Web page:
Ew.

Moving on, I tried Tales of the Traveling Swordsman.  This is the one I probably like then best and its the one I used the most of my secondary hour of game playing on.  I liked it because it was familiar.  It reminded me of the Final Fantasy games that used to be on Nintendo and Super Nintendo way back when, and continued on into whatever game consoles came after that (okay, I admit it, when I was about 6 years old I loved to watch my older brother play video games.  I was a weird kid.).  I'm not at all sure, but I'd make a guess that the original adventure IF games like this one influenced the style and scenery in the first graphic Final Fantasy games and those like it.

Next I took a try at Galatea.  This one kind of broke the pattern of the first three in that it was more of a conversation than an action/adventure kind of thing.  You had to think about what you were going to ask and tell rather than see and do.  But, in this way it was also a good introduction on how to interact and form dialogue when playing IF games.  However, I didn't fare too well because I couldn't think of what to ask or tell.  Actually, I think I was trying a little too hard; I was trying to think of really sophisticated and long-winded questions rather than one word/one idea questions.

Finally, I played Photopia.  After reading its introductions and reviews, especially the one that made one player cry, I was shocked by the game's beginning (with two drunken guys seeking some female companionship...) Then, Flash, I'm on Mars.  Wait...What?  Here I was a little frustrated because the only command I could get to work was "E" (which I though meant "explore" or "examine") and then I couldn't get back to my spaceship.  Ugh. I guess this is why I watched the games when I was younger and didn't play them.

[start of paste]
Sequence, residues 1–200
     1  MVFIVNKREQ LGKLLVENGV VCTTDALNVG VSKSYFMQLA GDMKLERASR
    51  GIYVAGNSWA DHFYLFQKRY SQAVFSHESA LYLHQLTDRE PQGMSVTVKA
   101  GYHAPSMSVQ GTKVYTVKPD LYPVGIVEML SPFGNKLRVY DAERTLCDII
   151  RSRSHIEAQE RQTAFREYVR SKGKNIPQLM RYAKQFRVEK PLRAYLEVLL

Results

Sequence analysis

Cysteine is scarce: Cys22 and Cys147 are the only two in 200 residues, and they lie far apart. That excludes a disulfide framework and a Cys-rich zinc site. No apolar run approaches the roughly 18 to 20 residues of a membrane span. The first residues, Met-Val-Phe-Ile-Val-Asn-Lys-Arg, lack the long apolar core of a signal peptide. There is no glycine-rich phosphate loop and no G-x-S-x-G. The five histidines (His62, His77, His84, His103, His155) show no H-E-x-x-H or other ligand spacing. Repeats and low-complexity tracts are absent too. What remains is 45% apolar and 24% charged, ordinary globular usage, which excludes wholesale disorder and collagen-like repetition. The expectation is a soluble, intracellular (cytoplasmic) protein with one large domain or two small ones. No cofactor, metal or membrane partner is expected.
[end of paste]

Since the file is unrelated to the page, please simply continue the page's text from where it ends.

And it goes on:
What IF?

Give me that old time stuff

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I feel like I've just looked back in time!  These were the computer games made for me.  I can remember playing simple games - well, I say simple, but I think they were even more complex than Adventureland because they required a floppy disk drive and I was playing them on an Apple something-or-other - and I loved them!  And, if I remember correctly, they were just dressed up text-based games.  The Oregon Trail, one of my favorites for example, was basically a text game with a rough computer sketch of an ox (well a greenish/white ox, thanks to the screen) or a wagon.

To see the leaps and bounds that gaming has advanced is amazing.  Gaming isn't something I consider myself even mildly interested in anymore (okay, except for maybe Rock Band) because they all seem to have many of the elements mentioned in the readings, like excessive violence, lack of plot and overemphasis on graphics.  Give me the old time stuff any day.  I'd probably play Adventureland if I could get my hands on it!

 

Revising the Web

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Overall, I thought Crawford Kilian's Writing for the Web 3.0 was very helpful.  I am a novice web writer but fairly experienced in writing traditional print documents (as a student), so I liked how Kilian spoke of Web text in relation to traditional text; the comparisons, contrasts and examples used from this point of view were helpful.